This chapter focuses on the United States as a great power during the Cold War. Following World War II, America proved itself to be the world’s strongest democratic nation and the “leader of the free world.” By the middle of the twentieth century, the United States had established itself as a political, economic, and military superpower whose grand strategy was devoted to containing the Soviet Union and the geostrategic challenges that it posed to the United States and the West. As the Cold War progressed, America’s grand strategy moved from strictly containing the USSR to efforts to outspend the USSR and ultimately weaken its economic and military sources of power. This era also marks the beginning of America’s dialogue with states such as China.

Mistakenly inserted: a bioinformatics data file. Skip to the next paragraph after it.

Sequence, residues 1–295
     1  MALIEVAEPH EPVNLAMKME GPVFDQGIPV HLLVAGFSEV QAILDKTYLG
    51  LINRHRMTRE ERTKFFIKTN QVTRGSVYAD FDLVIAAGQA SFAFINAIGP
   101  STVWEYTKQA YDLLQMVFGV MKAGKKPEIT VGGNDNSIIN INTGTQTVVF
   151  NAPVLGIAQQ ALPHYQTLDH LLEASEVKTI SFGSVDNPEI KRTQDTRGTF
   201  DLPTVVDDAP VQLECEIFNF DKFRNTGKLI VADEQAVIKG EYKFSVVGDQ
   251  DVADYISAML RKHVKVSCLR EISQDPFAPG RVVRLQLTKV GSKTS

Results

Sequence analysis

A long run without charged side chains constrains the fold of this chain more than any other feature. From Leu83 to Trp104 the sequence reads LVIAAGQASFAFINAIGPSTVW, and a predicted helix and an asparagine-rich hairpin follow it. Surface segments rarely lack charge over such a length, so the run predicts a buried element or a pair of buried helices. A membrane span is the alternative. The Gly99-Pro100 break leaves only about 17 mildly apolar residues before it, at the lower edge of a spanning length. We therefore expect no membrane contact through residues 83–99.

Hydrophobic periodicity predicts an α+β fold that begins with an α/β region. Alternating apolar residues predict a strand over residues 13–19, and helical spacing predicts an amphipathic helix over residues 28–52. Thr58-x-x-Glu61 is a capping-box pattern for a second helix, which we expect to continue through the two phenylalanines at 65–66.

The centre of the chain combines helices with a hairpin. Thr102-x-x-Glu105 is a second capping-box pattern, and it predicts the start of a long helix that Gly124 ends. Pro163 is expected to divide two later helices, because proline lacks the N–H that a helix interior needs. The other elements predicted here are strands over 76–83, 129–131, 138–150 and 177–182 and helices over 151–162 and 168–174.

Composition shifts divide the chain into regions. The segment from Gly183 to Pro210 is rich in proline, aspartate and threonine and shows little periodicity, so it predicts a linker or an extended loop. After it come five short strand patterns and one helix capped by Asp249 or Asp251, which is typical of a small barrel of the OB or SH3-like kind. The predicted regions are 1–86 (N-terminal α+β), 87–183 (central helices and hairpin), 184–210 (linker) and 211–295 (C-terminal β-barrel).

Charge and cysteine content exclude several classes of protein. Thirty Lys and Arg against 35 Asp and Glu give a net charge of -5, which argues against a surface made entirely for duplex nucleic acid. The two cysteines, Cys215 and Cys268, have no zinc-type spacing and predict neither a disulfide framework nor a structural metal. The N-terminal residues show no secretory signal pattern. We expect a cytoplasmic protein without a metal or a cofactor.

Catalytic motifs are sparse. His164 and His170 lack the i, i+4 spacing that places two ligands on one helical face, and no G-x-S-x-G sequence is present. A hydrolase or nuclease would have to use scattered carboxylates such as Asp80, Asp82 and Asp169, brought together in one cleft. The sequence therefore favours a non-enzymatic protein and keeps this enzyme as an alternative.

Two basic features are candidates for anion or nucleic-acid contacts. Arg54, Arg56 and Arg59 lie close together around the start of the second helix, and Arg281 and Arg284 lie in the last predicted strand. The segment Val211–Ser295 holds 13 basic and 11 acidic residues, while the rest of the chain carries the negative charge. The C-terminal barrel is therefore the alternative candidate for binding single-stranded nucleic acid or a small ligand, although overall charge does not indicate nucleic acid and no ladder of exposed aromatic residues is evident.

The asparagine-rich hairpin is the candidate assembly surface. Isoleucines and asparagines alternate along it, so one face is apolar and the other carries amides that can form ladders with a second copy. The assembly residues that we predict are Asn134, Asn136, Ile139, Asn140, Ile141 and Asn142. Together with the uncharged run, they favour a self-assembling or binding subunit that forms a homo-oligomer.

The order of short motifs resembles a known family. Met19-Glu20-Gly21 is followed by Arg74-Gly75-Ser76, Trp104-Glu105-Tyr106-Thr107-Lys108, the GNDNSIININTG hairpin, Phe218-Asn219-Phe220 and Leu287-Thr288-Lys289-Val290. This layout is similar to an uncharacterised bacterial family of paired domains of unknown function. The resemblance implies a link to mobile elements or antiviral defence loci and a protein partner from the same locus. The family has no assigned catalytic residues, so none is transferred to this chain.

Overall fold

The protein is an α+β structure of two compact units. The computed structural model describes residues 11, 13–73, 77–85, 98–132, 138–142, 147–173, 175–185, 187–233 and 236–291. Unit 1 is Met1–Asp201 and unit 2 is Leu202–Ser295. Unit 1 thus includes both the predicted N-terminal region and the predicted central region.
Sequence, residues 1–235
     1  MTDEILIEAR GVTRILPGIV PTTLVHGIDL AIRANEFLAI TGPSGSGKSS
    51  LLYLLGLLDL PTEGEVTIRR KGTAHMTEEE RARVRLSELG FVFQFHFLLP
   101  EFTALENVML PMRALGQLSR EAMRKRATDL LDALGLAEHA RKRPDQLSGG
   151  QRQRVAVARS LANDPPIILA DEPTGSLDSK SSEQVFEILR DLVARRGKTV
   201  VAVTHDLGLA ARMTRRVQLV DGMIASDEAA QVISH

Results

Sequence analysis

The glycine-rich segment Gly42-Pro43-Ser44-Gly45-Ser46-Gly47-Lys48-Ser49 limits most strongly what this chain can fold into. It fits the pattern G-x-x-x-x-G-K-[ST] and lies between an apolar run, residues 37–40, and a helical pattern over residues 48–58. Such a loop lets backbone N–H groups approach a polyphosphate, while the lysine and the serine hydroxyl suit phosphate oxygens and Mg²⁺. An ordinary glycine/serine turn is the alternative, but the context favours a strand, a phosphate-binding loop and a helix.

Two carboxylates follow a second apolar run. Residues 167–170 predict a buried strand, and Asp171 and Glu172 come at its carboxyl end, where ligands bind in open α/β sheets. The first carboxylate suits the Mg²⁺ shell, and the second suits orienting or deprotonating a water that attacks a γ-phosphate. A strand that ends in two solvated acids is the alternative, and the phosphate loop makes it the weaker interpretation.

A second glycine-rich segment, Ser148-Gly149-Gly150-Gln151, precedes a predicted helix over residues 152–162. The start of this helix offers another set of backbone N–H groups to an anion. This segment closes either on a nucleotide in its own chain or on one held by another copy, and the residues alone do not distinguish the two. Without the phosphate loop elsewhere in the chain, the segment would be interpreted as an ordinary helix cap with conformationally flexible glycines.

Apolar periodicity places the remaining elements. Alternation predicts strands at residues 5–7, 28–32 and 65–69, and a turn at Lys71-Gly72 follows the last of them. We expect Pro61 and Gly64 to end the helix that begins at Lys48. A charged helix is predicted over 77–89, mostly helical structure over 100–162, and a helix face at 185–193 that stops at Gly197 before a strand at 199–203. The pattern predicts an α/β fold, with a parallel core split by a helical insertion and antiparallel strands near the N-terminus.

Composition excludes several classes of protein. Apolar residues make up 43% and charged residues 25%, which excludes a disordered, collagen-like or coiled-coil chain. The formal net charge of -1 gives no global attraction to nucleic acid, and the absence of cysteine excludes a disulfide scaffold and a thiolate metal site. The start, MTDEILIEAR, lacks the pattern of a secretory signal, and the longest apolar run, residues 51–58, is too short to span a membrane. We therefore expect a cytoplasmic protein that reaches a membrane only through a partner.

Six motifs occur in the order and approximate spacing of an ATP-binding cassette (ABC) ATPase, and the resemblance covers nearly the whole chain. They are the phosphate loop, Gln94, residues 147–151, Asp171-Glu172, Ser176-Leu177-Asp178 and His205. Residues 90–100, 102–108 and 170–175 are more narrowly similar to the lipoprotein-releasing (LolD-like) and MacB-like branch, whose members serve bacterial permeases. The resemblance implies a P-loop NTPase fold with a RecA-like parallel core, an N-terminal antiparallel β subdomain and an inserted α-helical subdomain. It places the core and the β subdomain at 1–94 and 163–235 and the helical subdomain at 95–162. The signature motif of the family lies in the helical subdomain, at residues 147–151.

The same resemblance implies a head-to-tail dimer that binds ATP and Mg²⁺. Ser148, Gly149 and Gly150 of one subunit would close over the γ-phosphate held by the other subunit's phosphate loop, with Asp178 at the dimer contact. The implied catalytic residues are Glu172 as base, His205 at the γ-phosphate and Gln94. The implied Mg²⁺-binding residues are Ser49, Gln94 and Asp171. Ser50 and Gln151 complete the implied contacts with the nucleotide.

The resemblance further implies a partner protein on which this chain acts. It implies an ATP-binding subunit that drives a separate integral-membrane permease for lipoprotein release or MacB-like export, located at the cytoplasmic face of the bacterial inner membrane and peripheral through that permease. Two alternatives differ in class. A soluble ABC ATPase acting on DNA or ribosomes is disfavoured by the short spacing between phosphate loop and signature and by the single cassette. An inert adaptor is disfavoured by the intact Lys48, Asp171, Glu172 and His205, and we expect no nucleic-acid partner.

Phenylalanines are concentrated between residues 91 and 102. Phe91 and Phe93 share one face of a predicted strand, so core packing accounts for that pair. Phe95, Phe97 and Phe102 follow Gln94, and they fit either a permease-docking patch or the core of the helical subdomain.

The Cold War is often used as an example of the highest standard in the conduct of American grand strategy. The strategy of containment was articulated clearly, its conceptual basis was readily understandable to both the American people and foreign policy experts, and it was based on intimate knowledge of the adversary. Furthermore, its initial articulation was by one person, George Kennan, who crafted an argument that had the virtues of internal consistency and unity. As for its implementation, the grand strategy of containment experienced several minor doctrinal changes, but the overall strategic concept remained remarkably consistent over the course of seven presidential administrations.